Heavy thunderstorms swept through parts of Austria on Monday and caused severe damage through heavy rain, storms and hailstones up to the size of a golf ball. Initially, Salzburg and Upper Austria were hit hardest by the storms, in Carinthia the districts of Spittal, Hermagor, Villach-Land and Wolfsberg were particularly hard hit, and there was flooding in a village in the Lavant valley. Graz was hit by large hailstones.

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For members


Today in Austria: A roundup of the latest news on Tuesday

Innsbruck most expensive place to rent, call to tax energy companies' profits, more women in Austria's boardrooms, and other news from Austria on Tuesday.

Today in Austria: A roundup of the latest news on Tuesday

Innsbruck most expensive place to rent

A comparison of rental prices across Austria has found that Tyrol’s capital, Innsbruck, is the most expensive place to rent a property, with Salzburg in second place. Vienna comes seventh in the comparison by the Krone newspaper. Innsbruck residents pay EUR 4.60 more per square metre than the Viennese. Nine of the ten most expensive districts are in Tyrol, Salzburg and Vorarlberg.

Among the best value of the 78 districts surveyed, three are in Styria.

READ MORE: How to find a rental flat when you arrive in Austria 

Calls to tax profits of energy companies by Austria’s Vice Chancellor 

Werner Kogler (Greens) has joined the voices of the opposition SPÖ party, the Chamber of Labor and trade unions in calling for taxation of “excess profits” made by energy companies. However, the OVP party, which governs Austria in coalition with the Greens, has distanced itself from this idea. The  Federation of Austrian Industries (IV-Vienna)chief Christian C. Pochtler described the plan as a “midsummer night’s dream” and “populist activism”, according to Der Standard newspaper.

Proportion of women in board positions at almost 30 percent

Only 29 percent of the companies in the Vienna Stock Exchange Index (WBI) have at least one woman on the executive board according to the “Mixed Leadership Barometer” survey  by the consulting firm EY. Overall, however, the proportion of women in boardrooms have increased in Austria. A total of 17 women sit on the boards of WBI companies, one more than at the beginning of the year. Five women currently work as CFO and four as CEO. Two women each work as Chief Operating Officer or Chief Customer Officer.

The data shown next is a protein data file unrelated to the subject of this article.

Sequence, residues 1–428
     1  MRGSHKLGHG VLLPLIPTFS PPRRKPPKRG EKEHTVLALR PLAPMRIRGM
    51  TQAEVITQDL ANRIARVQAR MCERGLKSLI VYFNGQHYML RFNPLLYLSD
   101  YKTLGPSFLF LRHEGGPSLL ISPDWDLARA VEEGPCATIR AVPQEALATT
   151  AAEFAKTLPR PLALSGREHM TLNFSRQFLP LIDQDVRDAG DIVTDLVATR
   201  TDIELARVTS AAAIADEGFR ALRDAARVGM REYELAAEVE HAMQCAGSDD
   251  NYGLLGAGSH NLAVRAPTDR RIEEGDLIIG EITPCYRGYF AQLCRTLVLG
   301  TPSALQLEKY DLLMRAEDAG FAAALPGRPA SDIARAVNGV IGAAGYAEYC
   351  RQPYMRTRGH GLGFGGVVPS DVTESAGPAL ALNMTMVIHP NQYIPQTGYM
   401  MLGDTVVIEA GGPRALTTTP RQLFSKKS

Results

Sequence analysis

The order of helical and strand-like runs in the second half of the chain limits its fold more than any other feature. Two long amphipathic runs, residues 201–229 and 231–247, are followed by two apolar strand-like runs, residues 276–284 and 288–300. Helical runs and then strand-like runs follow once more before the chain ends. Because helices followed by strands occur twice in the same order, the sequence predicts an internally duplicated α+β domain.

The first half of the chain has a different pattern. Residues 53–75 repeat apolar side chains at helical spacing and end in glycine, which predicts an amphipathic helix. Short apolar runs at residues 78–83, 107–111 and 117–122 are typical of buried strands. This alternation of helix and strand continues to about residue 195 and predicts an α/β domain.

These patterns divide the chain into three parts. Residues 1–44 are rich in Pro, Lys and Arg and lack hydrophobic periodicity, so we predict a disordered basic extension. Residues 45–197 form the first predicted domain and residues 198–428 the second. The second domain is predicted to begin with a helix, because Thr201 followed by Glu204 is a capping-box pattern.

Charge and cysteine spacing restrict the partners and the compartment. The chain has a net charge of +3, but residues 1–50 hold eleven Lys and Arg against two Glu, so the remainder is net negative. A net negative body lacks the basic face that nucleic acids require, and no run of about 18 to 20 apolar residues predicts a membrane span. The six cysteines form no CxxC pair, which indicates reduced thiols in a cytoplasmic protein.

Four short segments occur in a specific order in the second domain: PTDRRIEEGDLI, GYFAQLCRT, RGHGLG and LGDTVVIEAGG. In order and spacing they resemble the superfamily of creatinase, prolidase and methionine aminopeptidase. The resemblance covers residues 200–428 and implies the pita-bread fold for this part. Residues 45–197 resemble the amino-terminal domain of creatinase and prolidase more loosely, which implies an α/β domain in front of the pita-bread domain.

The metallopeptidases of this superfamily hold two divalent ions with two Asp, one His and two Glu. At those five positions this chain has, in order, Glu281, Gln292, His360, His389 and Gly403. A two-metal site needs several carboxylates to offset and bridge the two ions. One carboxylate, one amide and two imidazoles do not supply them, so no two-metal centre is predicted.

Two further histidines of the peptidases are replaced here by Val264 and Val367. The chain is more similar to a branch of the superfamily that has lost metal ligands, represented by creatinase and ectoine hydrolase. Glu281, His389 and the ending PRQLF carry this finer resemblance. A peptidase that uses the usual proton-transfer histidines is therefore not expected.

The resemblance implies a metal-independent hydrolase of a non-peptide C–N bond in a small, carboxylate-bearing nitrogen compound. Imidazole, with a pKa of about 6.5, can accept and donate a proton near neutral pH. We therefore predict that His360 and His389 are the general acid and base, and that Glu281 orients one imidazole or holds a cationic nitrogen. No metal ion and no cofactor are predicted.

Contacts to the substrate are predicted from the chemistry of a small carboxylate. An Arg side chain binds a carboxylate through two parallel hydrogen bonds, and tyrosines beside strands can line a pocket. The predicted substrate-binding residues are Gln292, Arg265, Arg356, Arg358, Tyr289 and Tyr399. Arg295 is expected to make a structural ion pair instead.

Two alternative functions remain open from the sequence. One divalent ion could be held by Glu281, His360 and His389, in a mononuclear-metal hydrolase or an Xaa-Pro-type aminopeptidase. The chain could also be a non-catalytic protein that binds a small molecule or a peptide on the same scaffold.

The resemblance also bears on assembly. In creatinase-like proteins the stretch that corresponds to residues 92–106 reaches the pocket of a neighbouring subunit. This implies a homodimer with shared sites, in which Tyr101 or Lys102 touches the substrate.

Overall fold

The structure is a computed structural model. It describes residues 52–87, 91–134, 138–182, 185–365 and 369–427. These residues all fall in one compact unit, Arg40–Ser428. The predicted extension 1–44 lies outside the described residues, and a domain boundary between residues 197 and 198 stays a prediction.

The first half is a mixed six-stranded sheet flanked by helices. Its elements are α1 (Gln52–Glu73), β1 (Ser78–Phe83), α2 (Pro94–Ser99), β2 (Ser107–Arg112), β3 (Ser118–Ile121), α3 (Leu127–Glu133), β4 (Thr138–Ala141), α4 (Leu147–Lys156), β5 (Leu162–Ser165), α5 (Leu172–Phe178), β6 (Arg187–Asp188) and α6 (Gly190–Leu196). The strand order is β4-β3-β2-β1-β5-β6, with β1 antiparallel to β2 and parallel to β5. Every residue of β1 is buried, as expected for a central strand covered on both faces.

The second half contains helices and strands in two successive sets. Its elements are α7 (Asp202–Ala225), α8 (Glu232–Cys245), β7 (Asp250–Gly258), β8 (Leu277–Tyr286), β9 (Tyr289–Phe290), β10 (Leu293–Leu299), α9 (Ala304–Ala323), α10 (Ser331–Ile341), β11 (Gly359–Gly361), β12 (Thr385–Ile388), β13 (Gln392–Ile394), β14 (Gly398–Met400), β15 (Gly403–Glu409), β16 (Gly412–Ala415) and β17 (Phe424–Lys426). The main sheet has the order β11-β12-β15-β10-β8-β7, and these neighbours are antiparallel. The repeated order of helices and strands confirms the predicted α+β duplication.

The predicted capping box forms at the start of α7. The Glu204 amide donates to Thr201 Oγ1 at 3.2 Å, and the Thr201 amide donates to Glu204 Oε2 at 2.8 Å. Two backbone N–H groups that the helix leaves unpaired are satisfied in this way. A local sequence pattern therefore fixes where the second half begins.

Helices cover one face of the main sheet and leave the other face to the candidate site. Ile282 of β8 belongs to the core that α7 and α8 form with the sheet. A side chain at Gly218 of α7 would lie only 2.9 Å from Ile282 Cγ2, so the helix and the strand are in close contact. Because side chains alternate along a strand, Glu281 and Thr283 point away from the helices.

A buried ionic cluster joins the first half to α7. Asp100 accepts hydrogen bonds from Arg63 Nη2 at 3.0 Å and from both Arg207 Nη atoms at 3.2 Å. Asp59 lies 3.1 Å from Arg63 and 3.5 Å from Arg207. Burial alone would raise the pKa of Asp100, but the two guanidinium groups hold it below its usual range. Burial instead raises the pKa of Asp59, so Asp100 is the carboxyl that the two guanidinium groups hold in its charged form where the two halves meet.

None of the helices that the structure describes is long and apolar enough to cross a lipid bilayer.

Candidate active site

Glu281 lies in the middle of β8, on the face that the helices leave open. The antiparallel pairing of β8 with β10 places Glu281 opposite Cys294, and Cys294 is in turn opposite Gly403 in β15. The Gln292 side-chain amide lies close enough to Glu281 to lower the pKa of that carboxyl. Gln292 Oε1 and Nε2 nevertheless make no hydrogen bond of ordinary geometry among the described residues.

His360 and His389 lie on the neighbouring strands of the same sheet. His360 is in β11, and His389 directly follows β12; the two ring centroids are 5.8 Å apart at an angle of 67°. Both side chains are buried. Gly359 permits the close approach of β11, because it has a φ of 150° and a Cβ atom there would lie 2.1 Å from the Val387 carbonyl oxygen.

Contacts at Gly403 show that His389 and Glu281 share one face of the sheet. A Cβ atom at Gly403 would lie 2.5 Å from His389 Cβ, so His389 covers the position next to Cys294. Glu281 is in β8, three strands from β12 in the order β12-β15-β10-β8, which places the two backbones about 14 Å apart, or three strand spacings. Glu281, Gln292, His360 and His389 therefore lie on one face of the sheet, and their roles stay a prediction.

The real estate industry has the highest proportion of female board members at 20 percent. In second place is the consumer goods sector with a share of 19 percent. In industry, the proportion of women on the board is 9.5 percent, according to broadcaster ORF

Ex-football player arrested following match

The Upper Austrian police have been creating headlines after arresting ÖFB legend Hans Krankl following a Bundesliga match between LASK and Rapid on Sunday evening. The 69-year-old TV commentator is said to have disobeyed police instructions. According to the report, the local police wanted to ensure a coordinated departure of the thousands of football fans when the incident occurred. “The driver did not follow the clearly given stop signal and drove towards a police officer. He only stopped his vehicle when there had already been slight physical contact between the officer and the bumper of the car,” says the official police report.

Krankl was not mentioned by name in the police report, but he confirmed the incident to the Krone newspaper. However, he said he denies the allegations, adding the road was clear and there was no reason to stop him. He told the Krone  that he was a friend of the police.